Street Food in India-2

Continuing on our food tour, let the aromatic and fragrant smells lure you once again towards streets lined with portable stalls and food carts loaded with roadside meals; a foodie’s paradise.

A typically Punjabi dish that is best relished hot, chole, is made from chick peas cooked in a thickish spicy, tangy curry. It is always accompanied by one or two large, puffy, deep- fried puris (Indian flat bread) that go by the name of bhature/bhatura. The dish is garnished with fresh coriander/cilantro onions, green chillies, a wedge of lemon and sometimes even a bit of butter.

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Chole Bhature

One of the most popular street foods found all over the country— pani puri, is known by different names; golguppas, puchkas, etc. It consists of hollow, crispy, golden fried puris stuffed with different fillings; mashed chickpeas, sprouts, mashed potatoes followed by sweet chutney and some spicy, tangy, watery chutney. Most vendors are extremely obliging and prepare each puri for you, themselves. They make a small opening at the top of the puri, load it with your favourite filling, add the sweet chutney, and then dip it into a large metal container of spicy watery chutney. All you have to do is pop it into your mouth. Then, eyes watering, sniffing, you wait hungrily for the next puri to arrive!

Pani puri /Gol guppas/ Puchkas

Practically every street corner of the city of Mumbai has a food stall selling the ever-famous vada pav. Simple to assemble, it has a vada which is basically a ball of mashed potato, and some spices that is coated in a batter of chickpea flour; then deep fried. The freshly prepared, piping hot vada is placed in a small loaf of bread; a pav. The vada is covered with different chutneys; a sweet tangy reddish-brown chutney, a green chutney and a dry garlic chutney. Additional chutney and a few green chillies are sometimes added to the plate for those who prefer that extra spice.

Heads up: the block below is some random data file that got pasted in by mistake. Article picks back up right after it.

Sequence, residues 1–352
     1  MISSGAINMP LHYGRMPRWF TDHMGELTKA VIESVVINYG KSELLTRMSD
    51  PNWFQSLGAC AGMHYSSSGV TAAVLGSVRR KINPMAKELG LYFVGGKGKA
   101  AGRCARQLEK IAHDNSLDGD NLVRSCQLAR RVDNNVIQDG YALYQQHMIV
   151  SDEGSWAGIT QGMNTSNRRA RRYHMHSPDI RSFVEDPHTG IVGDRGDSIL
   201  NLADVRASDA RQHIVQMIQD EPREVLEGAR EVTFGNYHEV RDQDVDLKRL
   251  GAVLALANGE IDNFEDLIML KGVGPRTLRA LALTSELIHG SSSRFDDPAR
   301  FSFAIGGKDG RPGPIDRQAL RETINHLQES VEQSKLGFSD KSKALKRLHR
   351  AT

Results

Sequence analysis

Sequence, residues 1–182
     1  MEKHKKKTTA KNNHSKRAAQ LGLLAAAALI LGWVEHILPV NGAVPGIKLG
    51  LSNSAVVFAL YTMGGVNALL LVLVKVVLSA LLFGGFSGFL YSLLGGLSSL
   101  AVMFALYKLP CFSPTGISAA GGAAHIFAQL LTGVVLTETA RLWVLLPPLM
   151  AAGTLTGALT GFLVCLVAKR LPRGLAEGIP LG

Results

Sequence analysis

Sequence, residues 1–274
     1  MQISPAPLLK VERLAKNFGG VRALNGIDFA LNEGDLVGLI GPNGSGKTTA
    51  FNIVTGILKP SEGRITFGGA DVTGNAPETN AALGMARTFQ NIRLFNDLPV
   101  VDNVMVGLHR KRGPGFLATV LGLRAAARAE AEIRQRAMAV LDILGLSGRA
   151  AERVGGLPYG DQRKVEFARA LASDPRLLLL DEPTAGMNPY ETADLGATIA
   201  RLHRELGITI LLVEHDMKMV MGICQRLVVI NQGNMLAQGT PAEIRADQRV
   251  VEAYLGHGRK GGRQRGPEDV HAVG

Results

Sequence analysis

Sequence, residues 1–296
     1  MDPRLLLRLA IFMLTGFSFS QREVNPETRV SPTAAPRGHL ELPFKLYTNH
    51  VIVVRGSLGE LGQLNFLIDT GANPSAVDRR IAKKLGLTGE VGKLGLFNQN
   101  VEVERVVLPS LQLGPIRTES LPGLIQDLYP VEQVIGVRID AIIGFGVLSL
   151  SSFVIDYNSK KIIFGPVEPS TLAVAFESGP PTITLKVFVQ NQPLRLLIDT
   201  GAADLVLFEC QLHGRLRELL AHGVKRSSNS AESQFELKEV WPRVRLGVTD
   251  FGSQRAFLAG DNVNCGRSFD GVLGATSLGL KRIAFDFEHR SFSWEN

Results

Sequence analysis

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Vada Pav

One of the yummiest snacks enjoyed by one and all, especially when in season, is Masala Bhutta or the Indian roasted corn-on- the- cob. Corn is roasted on small open fires. Heaps of corn are piled on one side of the street cart, while the vendor stands at the other end fanning the glowing coal and turning the corn of your choice around, till it is perfectly roasted. Once ready, a piece of lime is used to rub on the salt, chillie powder and other spices. Innovative vendors usually present them to you on a bed of husk.

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Roasted corn on cob/ Masala Bhutta

Samosas, another popular street food, are of different types depending on the region where they are made, the size, and of course the different fillings used. There are onion samosas, potato samosas, mini-cocktail samosas, Punjabi samosas, to name a few. These pastries are mostly triangular in shape and made with mashed or chopped potato, onion, green peas and more…. and a variety of spices. The mix is stuffed into dough and baked or deep fried. These golden-brown crispy, crunchy delicacies are served with a variety of chutneys and make an excellent combination with a hot cup of aromatic tea(chai)!

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